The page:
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I don''t understand your 3rd point.
How does the object get extra energy with just negating the velocity? E = m * v^2; v is negated, so E does not change.
When it reaches the initial height, it will have the same velocity as earlier at this height.
I think the energy absorbed could be: Ea = a*v^2 + b*v + c; a,b,c are well-chosen coefficients.
Doing so the energy can become exactly zero, and thus the object stops, doesn''t fluctuate.

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as a hopefully useful aside, GetTickCount() is only accurate to within 10ms i think. you want to be using QueryPerformanceCounter & QueryPerformanceFrequency (look em up on msdn for usage)

-me

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I understand your third point, as the object "skips" through the object, it''s velocity will be higher than when it actually made contact with the object.

As for your problem with the decay of the ball height, in theoretical terms without any additional resistance to motion, the ball will never stop bouncing. It''s energy can never be completely dissipated so the height of bounce will decay reaching zero only as time approaches infinity.

The easiest way round the problem is to simply insert a conditional if to find when h is very small and just zero it.

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the problem lies in the fact (if i see it correctly) that the velocity you take when inverting is the velocity at the end of the time step.
Because the ball has gone virtually through the floor it gained velocity because of g over the distance travelled beyond the floor. This velocity needs to be subtracted and also the remaining time left needs to be taken in to account to place the ball at the correct position. it bounced and went up in the timestep.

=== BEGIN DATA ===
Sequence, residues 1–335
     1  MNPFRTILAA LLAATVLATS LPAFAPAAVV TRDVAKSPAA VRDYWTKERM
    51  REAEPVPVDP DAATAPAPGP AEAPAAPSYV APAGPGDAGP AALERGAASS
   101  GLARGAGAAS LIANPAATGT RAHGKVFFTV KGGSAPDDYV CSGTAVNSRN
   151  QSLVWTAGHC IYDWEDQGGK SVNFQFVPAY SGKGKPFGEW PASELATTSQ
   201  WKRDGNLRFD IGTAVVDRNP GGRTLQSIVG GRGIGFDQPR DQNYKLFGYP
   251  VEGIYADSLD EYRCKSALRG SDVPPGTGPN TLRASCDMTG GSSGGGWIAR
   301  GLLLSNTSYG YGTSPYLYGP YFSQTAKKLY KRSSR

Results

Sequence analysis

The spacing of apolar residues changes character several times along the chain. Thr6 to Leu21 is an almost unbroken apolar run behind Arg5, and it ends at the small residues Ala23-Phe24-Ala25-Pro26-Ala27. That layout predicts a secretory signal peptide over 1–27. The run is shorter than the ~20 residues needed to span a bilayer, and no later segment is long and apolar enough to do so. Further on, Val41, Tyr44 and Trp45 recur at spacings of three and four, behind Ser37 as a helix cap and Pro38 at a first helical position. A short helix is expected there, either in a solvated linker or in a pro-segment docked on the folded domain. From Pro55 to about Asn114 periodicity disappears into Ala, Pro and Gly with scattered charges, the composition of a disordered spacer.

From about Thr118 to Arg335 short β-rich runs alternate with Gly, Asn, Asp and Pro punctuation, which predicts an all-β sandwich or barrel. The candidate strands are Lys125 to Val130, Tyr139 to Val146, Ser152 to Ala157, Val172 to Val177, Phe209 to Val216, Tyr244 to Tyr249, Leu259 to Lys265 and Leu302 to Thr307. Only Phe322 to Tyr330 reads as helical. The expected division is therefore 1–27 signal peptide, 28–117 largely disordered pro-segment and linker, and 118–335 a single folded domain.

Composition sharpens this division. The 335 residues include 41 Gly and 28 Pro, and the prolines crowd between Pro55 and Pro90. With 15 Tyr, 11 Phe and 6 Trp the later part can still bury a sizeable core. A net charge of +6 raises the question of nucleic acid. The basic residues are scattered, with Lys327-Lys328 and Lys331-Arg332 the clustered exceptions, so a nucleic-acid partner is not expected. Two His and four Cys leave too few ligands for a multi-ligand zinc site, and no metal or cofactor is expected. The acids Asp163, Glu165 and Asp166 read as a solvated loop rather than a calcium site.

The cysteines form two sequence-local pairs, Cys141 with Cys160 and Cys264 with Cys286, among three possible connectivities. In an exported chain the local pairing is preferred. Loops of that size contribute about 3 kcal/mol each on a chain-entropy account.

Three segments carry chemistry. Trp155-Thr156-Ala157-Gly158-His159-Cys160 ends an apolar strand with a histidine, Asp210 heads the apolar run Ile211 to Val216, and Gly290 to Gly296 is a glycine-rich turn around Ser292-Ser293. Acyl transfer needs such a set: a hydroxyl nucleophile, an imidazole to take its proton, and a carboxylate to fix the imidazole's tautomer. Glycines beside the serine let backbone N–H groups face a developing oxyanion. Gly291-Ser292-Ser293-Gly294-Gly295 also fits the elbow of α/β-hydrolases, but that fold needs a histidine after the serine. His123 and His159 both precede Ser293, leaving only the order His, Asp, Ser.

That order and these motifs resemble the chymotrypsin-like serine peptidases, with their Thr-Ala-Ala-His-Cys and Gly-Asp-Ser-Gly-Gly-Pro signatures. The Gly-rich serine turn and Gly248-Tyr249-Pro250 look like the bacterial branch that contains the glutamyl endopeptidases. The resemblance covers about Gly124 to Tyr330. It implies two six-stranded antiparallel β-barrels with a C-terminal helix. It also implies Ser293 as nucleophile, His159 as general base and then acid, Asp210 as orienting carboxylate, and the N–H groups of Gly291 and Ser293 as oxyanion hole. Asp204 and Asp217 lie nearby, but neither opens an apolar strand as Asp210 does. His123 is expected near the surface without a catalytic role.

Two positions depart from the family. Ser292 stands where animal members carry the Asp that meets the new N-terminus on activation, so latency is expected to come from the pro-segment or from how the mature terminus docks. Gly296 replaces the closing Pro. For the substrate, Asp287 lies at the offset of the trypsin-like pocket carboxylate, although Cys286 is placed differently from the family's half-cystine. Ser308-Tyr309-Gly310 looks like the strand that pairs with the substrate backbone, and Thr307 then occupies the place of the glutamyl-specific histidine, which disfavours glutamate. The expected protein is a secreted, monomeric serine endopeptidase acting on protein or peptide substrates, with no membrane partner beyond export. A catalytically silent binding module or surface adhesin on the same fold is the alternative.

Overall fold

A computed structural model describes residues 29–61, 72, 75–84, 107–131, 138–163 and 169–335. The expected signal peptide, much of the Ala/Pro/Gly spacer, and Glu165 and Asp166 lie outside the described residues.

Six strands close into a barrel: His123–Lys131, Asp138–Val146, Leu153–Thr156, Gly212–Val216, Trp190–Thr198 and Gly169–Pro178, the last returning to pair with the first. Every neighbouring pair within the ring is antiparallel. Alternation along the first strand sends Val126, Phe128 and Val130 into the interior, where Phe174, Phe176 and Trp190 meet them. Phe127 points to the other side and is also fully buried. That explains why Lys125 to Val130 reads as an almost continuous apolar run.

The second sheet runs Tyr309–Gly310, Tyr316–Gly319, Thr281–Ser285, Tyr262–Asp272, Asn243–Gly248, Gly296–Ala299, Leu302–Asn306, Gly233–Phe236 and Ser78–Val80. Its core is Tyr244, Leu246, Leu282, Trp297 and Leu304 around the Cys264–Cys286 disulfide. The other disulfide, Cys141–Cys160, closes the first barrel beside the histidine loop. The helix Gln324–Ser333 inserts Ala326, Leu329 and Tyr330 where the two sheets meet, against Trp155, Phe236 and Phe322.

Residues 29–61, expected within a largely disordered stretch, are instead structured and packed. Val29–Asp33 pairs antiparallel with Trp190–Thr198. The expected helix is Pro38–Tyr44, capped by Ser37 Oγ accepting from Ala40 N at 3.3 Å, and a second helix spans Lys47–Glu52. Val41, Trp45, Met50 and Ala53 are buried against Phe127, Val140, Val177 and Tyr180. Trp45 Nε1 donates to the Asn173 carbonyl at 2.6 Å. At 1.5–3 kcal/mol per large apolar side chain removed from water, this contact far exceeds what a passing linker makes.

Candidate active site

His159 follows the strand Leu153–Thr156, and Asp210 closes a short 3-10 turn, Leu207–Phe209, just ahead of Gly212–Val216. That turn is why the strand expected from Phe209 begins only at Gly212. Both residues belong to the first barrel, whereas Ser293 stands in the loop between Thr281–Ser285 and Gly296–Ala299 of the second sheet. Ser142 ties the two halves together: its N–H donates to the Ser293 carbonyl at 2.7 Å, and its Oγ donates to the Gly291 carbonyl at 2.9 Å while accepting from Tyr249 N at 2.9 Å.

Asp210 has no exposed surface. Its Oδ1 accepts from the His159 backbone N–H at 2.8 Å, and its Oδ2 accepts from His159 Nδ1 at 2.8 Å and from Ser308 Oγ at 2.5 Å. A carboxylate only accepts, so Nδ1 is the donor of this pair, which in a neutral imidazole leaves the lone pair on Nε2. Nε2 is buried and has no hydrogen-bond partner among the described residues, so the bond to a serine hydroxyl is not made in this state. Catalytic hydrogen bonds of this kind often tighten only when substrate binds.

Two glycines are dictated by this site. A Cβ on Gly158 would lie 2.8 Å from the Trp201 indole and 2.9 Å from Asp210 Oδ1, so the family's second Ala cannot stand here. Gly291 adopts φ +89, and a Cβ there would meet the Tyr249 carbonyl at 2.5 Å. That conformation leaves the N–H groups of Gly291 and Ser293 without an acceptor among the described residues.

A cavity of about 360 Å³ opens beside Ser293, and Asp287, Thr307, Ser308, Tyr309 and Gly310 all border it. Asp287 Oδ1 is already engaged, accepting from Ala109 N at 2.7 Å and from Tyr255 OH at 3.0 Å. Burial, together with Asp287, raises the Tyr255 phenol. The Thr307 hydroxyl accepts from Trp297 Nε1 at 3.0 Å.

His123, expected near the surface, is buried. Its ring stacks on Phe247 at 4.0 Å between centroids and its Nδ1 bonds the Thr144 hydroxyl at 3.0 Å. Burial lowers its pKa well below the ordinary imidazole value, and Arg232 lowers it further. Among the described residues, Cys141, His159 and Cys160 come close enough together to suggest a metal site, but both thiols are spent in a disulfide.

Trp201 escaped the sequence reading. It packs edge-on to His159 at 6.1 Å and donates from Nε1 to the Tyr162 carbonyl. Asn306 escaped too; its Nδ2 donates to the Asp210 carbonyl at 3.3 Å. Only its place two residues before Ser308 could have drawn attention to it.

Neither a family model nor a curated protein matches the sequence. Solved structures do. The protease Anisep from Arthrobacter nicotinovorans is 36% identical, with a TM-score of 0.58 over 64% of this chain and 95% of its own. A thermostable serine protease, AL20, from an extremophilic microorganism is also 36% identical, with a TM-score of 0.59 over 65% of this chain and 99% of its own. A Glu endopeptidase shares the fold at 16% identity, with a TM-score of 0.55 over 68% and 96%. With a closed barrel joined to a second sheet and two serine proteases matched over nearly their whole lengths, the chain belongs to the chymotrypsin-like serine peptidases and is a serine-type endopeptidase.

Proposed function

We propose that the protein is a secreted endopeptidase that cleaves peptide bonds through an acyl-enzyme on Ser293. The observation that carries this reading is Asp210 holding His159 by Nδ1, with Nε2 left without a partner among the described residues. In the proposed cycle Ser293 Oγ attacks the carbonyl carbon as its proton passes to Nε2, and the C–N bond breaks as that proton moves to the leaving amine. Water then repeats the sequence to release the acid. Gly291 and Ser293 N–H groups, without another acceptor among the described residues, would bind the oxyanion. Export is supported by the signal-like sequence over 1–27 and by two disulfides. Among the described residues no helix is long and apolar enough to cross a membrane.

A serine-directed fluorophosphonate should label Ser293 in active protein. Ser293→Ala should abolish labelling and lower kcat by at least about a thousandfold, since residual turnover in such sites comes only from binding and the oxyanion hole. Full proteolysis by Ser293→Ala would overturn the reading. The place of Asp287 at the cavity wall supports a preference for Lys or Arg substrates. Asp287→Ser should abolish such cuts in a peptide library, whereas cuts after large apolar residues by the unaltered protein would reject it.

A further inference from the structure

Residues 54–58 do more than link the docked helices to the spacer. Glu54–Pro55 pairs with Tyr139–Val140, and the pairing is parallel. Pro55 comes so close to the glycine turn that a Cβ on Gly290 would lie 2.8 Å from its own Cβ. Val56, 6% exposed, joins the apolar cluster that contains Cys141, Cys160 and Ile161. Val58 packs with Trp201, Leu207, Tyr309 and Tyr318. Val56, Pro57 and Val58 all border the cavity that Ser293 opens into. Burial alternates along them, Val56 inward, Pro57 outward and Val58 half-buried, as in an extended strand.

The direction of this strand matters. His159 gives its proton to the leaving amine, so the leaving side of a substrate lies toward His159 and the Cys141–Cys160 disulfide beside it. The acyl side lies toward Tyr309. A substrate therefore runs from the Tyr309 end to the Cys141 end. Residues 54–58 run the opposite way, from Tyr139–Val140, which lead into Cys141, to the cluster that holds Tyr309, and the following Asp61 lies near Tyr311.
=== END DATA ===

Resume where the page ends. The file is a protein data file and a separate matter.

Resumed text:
the dribbling comes from if i see it correctly that the force g pulls the object through the floor and then you reposition it. Make sure that when the velocity is small enough to apply a normal force to the ball that cancels the gravitational force.

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* Addition to my previous post *
When I say zero it, I mean both the velocity and height!

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I see what you mean, the kinetical energy will be higher than if you would have reversed the velocity when you actually hit the ground, then you move the object up, thus increasing the potential energy without decreasing the kinetical energy.

So basicly, i guess you will have to do just that. Check the how far below the screen the object is, convert this to kinetical energy (movement) and subtract it from vx.

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quote:
Original post by Airo
... the remaining time left needs to be taken in to account to place the ball at the correct position. it bounced and went up in the timestep.

Nice point! I actually did completely forget that time was also a part of the equation.